Parents could work with their local school counselor to develop a Sibling Club at their local school. Siblings that have a brother or sister with a disability could be invited to join this club. Students could learn about various disabilities in a safe and nurturing environment. They can discuss their feelings in regards to having a sibling with a disability and how that impacts them at school and home. It will be encouraging for them to hear other siblings share their stories of challenges connected with their siblings with a disability. It will allow them to comprehend that their current situation may be shared with other children living outside their home.

7. Upgrade the school library
The library can be a primary source for students wishing to learn more about autism. Parents and teachers can ensure that a wide variety of books on autism are available on the library shelves. Encourage the librarian to order books on autism and lend or donate copies of the books you have found most helpful. Reserve one library bulletin board for lists and displays of good books about autism. A number of new titles deal with challenging issues for families in which at least one family member has autism can be displayed. An excellent book written by Kirsti Evans is entitled Something Different About Dad. It gives great insight into the family dynamics of a Dad with autism dealing with his wife and two children and is written in a comic book format.

8. Celebrate Autism Awareness Month
Parents of children who have autism should make a point every year to observe Autism Awareness Month in April. They could go to the schools of their children and offer to do special presentations. This will emphasize for siblings the fact that their brothers or sisters with autism are seen as an important part of the school. Bringing special treats to the school to share will also catch the attention of the students with and without autism. Try to include the non-disabled siblings in as many of these activities as possible with their brothers and sisters who have autism.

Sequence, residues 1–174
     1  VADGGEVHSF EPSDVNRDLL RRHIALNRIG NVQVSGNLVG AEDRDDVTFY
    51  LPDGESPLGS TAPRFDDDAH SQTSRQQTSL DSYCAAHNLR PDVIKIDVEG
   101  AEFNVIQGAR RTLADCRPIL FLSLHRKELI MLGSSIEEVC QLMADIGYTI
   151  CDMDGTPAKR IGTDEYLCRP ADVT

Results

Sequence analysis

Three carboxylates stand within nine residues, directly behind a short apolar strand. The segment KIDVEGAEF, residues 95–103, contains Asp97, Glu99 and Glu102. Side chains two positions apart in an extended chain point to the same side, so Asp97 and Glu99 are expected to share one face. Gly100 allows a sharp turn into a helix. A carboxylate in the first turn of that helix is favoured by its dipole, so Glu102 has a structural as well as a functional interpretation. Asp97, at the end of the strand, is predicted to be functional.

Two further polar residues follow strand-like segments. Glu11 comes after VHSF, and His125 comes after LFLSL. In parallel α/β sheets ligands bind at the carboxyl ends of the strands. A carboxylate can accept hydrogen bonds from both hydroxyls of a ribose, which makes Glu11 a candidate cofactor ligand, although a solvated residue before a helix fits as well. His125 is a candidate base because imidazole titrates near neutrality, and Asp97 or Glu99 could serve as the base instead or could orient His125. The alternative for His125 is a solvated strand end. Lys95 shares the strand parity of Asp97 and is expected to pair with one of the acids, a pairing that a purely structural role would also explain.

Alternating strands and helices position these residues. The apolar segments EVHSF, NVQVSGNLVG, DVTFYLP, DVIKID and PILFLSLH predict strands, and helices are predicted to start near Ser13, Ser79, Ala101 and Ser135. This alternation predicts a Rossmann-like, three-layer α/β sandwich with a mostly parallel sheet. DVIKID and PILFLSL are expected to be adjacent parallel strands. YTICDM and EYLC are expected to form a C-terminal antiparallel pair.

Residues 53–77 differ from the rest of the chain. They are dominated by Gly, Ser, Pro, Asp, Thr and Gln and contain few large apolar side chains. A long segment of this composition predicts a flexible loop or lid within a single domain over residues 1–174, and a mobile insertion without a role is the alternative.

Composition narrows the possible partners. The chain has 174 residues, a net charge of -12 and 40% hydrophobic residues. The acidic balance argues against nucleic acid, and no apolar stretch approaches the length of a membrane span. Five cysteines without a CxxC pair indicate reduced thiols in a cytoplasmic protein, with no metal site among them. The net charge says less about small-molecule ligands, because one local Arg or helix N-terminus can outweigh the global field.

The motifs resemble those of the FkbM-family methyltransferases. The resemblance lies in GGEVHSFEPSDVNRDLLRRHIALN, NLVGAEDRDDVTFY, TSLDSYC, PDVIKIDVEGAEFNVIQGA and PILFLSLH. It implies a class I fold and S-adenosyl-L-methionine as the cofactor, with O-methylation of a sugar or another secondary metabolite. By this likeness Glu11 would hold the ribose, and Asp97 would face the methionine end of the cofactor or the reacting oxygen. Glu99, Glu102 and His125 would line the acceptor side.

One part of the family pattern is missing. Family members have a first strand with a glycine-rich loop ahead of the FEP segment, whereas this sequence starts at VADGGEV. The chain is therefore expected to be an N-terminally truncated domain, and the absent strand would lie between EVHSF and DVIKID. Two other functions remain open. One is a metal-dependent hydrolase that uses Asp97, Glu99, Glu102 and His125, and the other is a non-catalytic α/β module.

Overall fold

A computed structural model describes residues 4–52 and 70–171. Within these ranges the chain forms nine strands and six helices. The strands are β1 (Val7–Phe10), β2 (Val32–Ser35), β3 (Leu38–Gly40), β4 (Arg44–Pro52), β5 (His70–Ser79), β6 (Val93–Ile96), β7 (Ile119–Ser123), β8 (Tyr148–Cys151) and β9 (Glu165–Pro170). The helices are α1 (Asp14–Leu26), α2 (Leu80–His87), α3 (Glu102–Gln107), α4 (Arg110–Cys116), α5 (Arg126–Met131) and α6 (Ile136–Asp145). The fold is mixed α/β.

Staging a play about some aspects of autism, with a cast of both students with and without autism. Post a daily trivia question about autism on a bulletin board and award small prizes to each day`s winner.

9. Respite care
You may be in a situation where attendance at certain community events makes it difficult to bring your child with autism. Some children with autism do not do well within loud environments, large groups or have difficulty transitioning to a new event such as going to the zoo, circus or even the park. You never want to place the sibling in a situation where they are informed that you can`t go to the amusement park because their brother or sister has autism and it is just “too much” for them to deal with.